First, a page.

No keys? No problem.
Hyundai’s new Sonata made its first stop in North America on Wednesday at the New York Autoshow. The flagship sedan showed off its sporty new design that includes enough tech to make you wonder if you’re driving a Genius Bar.
The Korean automaker’s latest sedan is slightly lower, wider and longer than its conservative predecessor, according to Hyundai. And Sonata’s “digital key” allows the vehicle to be unlocked, started and driven using a smartphone app.
The 2020 Sonata has an exterior design influenced by the futuristic Le Fil Rouge concept introduced by Hyundai at last year’s Geneva International Motor Show. The length of the car has grown 1.8 inches, the height has decreased 1.2 inches and width has increased by a little less than an inch.
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“Sonata celebrates innovative coupe-like silhouette,” said Sang Yup Lee, senior vice president and head of the Hyundai Design Center. Yup Lee called the new design “sensuous.”
The headlights feature four LED projectors and daytime running lights. The Sonata also received a new grille.
Inside the cabin, Hyundai revamped the entire dashboard and said the interior was inspired by a Stealth aircraft.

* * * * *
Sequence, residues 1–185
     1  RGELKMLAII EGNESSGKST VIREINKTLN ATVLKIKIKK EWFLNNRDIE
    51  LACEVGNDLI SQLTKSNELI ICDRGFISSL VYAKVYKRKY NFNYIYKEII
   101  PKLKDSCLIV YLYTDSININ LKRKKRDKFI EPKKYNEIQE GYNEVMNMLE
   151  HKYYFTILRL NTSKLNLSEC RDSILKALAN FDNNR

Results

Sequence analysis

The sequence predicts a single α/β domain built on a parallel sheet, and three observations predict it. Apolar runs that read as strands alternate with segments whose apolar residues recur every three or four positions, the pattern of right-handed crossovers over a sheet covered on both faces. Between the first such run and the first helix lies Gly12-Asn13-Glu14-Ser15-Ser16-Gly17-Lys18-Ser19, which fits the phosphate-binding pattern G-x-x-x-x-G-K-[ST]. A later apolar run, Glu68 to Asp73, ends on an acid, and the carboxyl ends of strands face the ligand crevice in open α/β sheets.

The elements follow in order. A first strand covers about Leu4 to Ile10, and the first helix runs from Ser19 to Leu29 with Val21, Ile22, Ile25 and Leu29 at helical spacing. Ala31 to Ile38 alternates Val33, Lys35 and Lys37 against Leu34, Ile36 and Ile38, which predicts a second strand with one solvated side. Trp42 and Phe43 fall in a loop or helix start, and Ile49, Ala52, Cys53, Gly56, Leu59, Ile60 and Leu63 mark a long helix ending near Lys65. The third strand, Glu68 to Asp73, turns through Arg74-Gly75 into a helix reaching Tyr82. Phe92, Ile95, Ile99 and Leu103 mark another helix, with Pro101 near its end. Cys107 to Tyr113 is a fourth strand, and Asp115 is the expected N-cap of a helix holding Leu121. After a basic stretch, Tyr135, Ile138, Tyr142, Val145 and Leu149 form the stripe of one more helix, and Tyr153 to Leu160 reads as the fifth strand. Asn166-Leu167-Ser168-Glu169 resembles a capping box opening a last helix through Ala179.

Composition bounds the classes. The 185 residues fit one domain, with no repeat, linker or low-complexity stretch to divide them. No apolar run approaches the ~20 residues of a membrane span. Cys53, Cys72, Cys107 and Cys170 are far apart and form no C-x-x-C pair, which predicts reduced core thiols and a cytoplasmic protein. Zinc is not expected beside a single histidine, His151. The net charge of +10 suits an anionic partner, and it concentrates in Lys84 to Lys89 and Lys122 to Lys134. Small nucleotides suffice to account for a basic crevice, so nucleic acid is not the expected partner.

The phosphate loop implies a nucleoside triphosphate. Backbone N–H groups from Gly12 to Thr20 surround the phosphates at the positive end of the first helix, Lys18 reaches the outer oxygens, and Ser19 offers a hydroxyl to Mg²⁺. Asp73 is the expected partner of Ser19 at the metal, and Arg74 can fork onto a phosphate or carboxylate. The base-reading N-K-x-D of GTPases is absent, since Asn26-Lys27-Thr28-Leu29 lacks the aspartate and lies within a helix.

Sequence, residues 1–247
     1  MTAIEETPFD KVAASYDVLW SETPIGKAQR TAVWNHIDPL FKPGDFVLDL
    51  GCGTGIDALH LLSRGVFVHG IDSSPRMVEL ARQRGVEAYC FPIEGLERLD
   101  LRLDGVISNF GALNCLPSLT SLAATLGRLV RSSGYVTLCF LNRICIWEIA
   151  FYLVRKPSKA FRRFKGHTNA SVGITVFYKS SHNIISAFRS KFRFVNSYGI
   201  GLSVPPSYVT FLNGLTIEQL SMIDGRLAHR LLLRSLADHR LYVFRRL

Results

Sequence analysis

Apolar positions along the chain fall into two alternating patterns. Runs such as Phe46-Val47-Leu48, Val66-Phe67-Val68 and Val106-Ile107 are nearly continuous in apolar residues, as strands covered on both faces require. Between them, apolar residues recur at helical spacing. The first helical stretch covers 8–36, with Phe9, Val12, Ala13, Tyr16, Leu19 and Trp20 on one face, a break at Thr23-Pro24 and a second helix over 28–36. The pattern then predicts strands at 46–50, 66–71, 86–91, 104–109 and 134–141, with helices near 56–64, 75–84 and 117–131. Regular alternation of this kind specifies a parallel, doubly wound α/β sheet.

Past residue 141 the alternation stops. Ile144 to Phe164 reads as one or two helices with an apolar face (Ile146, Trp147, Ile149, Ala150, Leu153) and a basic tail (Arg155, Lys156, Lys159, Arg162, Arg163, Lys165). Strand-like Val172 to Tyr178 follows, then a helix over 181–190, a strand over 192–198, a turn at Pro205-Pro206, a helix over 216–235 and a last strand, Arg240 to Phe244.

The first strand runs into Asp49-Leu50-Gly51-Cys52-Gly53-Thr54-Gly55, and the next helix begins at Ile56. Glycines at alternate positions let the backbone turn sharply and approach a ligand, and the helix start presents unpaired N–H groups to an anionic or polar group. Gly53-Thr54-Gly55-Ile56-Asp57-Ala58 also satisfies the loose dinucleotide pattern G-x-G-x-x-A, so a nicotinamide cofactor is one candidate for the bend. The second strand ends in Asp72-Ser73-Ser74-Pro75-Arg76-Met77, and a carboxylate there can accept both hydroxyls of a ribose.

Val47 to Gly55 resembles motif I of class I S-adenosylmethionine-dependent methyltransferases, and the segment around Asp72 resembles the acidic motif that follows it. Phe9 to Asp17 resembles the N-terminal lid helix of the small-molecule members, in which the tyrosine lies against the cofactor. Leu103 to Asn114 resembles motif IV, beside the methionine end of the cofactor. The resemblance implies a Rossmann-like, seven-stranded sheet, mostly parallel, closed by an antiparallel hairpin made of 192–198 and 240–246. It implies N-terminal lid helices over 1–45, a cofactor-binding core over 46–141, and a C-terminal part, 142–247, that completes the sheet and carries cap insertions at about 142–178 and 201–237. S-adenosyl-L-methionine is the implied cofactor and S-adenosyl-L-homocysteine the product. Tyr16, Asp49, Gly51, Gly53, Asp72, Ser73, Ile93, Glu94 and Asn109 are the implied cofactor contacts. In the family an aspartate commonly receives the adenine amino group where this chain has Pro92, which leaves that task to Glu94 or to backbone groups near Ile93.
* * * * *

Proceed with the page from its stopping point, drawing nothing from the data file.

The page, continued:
Unlike other makers that feature separated, large digital screens, Hyundai said it wanted to “alleviate the distracting large screens featured in many luxury cars today and instead threaded the two displays together on the 2020 Sonata, using a unique S curve.”
The navigation system is home to improved technology like cloud-based speech recognition and bird’s-eye view navigation maps.
The displays are “seamless” and have capacitive touch functionality, the company said.
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The digital key function, which was announced earlier this year, comes amid heightened concern about car theft. Eliminating the need for key fobs, which many people leave in their vehicle, means that thieves can’t simply open the door and press the start button in a car.
In December, Hyundai announced the world’s first smart fingerprint technology that lets drivers to not only unlock the doors of their vehicle but also start the car. The fingerprint tech isn’t available in the U.S. — yet.
Follow Dalvin Brown on Twitter: @Dalvin_Brown
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